Tags: narcotic antagonist

There’s No Excuse for Overdose Deaths from Opioid-Based Medications

Link: http://AddictionScience.net

Most of the adverse effects associated with overdose from opioid-based medications could easily be prevented or rectified by simply making naloxone more widely available. It seems as if the medical establish is afraid that letting people know that their overdose can be quickly and effectively reversed will give patients a green light to abuse their opioid medication. Undoubtedly it will for some, but for most it should not. And there is no doubt that it would save thousands of lives!

Naloxone hydrochloride (Narcan) is a selective narcotic antagonist that rapidly and effectively reverses the effects of opioids including those associated with overdose (e.g., respiratory depression). As long as the circulatory system has not collapsed and the naloxone is able to reach the brain, it binds preferentially to opiate receptors blocking the effects of heroin, morphine, oxycodone, methadone, hydromorphone, fentanyl, opium, L-alpha-acetylmethadol, well, you get the idea, opioids.

Naloxone has no effects in people not receiving opioids. It simply blocks the effects of licit and illicit opioids regardless of who or why the drug was administered. (Yes, I know about endogenous opioid peptides [EOPs], wrote a paper or two involving those neuromodulators myself, but the effects of disrupting the EOPs are disappointing for we neuroscientists who were hoping back in the 1980s they would hold the key to everything from overeating to some forms of mental illness.) Naloxone is virtually unnoticeable in someone who has not been receiving opioids and has a very wide margin of safety for dosing in humans.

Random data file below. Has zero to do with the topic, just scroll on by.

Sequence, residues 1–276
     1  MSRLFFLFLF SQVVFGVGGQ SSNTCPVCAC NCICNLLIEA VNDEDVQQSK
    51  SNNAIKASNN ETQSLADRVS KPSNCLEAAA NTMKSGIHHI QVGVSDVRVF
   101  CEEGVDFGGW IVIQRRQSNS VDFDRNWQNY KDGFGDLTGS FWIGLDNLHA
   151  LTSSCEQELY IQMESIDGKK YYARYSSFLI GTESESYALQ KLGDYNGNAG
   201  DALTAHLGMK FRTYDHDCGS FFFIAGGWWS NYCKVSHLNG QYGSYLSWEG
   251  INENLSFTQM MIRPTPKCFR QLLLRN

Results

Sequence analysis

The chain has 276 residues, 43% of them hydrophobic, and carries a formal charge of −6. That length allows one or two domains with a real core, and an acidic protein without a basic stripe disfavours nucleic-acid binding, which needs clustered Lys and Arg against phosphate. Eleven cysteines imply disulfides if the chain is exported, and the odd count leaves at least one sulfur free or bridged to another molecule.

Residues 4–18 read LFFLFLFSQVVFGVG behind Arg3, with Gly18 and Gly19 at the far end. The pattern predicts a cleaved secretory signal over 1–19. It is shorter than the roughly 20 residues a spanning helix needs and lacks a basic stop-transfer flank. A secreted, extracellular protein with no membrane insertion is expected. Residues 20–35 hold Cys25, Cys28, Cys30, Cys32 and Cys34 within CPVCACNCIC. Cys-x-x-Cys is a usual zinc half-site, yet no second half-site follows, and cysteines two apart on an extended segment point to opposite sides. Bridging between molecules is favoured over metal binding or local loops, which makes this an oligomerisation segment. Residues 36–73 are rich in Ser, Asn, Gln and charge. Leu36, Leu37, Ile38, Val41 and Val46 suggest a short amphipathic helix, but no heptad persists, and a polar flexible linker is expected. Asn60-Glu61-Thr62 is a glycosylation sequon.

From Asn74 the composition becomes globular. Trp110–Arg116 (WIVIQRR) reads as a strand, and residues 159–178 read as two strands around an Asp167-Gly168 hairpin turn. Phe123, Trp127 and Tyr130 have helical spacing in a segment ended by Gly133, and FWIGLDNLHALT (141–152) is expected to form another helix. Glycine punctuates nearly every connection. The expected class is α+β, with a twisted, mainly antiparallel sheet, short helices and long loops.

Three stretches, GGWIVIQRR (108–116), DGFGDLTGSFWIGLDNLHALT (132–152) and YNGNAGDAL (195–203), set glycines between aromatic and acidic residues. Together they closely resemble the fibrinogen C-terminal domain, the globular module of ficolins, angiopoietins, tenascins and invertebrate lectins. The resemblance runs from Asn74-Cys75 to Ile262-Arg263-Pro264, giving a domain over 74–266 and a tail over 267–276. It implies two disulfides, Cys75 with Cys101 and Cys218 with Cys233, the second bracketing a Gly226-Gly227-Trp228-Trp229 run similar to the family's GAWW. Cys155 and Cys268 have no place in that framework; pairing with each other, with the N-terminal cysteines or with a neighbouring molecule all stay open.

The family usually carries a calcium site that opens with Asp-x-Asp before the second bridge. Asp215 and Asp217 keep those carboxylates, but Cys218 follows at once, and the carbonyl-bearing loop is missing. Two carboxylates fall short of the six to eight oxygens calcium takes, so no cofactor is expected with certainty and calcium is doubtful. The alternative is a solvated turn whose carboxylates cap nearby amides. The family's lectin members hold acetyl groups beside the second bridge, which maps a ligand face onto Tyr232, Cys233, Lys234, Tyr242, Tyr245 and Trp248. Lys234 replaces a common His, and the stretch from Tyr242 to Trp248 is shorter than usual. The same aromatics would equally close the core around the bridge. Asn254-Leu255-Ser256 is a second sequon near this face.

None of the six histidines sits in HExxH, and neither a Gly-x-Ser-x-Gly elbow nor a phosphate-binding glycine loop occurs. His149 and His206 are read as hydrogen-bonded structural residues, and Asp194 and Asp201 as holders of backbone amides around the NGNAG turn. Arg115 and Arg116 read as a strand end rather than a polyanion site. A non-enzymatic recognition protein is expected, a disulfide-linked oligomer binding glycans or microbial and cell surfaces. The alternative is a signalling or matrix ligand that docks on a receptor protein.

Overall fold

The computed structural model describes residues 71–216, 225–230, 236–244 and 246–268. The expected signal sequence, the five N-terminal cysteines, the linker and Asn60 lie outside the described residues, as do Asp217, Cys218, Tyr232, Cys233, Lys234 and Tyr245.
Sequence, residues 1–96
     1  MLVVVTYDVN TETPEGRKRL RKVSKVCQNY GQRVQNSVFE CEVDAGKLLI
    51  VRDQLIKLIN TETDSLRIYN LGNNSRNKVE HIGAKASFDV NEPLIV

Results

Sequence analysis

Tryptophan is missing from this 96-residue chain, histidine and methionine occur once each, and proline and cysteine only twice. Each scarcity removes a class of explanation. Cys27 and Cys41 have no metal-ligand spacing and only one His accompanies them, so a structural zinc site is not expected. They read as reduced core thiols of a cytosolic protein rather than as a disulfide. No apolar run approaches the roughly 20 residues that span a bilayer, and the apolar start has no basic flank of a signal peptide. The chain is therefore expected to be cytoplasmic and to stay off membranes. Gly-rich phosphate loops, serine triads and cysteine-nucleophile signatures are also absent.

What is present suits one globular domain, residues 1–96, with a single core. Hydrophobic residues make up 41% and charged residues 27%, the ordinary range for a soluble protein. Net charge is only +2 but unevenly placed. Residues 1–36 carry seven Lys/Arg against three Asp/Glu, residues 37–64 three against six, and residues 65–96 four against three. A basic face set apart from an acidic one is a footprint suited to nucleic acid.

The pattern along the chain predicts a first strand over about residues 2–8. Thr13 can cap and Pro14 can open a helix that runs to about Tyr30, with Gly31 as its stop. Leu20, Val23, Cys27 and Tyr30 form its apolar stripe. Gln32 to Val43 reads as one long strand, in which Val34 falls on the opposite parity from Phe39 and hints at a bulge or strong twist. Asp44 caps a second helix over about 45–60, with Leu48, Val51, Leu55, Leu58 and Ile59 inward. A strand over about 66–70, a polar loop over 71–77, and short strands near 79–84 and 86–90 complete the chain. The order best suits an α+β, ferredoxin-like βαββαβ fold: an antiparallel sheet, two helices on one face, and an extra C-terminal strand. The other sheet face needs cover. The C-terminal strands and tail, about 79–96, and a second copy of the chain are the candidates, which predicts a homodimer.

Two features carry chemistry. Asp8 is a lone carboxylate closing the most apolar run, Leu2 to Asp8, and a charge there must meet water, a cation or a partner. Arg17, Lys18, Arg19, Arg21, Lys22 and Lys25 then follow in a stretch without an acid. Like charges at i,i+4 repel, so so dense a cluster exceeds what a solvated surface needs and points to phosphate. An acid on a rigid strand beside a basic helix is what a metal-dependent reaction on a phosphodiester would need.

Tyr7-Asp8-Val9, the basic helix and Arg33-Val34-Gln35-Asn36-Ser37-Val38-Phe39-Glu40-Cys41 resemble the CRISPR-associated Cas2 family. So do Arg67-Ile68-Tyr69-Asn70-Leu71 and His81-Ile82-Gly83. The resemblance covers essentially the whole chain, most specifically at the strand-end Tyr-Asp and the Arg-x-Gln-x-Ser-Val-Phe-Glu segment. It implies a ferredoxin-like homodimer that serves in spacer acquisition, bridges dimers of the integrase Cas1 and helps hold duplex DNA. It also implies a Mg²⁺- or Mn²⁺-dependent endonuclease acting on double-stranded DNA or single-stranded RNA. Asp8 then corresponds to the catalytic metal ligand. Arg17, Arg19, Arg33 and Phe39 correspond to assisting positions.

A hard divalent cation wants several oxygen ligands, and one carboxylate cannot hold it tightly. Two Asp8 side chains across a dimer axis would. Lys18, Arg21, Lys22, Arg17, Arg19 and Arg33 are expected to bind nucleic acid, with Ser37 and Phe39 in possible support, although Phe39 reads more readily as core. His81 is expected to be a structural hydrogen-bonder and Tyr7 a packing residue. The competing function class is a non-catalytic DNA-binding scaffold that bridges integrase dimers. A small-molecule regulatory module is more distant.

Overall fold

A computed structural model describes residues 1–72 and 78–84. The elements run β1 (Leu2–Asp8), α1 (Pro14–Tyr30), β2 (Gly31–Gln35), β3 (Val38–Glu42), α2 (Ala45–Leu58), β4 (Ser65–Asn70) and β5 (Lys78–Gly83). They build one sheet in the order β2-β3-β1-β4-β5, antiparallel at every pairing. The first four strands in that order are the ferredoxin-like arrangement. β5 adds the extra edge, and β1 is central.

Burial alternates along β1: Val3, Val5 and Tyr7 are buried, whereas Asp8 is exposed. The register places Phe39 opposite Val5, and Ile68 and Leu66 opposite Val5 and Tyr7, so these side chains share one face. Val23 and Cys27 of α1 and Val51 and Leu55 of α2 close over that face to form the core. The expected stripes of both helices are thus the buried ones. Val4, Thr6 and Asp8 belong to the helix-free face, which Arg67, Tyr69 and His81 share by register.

It’s shame on the medical establishment for withholding this critical information from the public. Should the medical establish and individual physicians be held responsible for these needless deaths? Is it THEIR decision to make, who will live or die based on the availability of this life-saving drug? Why aren’t patient-advocacy groups confronting the medical establishment, lobbying more strongly and unrelentingly for take-home Narcan?

Naloxone has been around for a long time. In fact, my first research using this compound was in 1975 and my first publication with it was in 1977 when I (along with Prof. Larry D. Reid) demonstrated that naloxone hydrochloride effectively and rapidly blocked morphine’s facilitatory action on electrical brain stimulation reward. I continued using naloxone in many of my experiments for the next two decades.

There are certain precautions that must be exercised when using naloxone, and proper medical training is strongly advised. (Self-instruction cards are included in some naloxone rescue kits so that more people can be reached with this life-saving treatment, although professional training is always advisable.) Two of the most important areas for concern involve the precipitation of intense withdrawal reactions and the short half-life of naloxone.

  • Naloxone administered to a person physically dependent on an opioid can precipitate immediate and intense withdrawal reactions. What is normally an unpleasant but relatively safe experience can quickly become a medical emergency, even fatal. The usual procedure is to give the naloxone in graded amounts, increasing the dosage if the overdose victim does not respond within a few minutes. The lowest effective dose of naloxone is desired because it minimizes the adverse effects of precipitated withdrawal.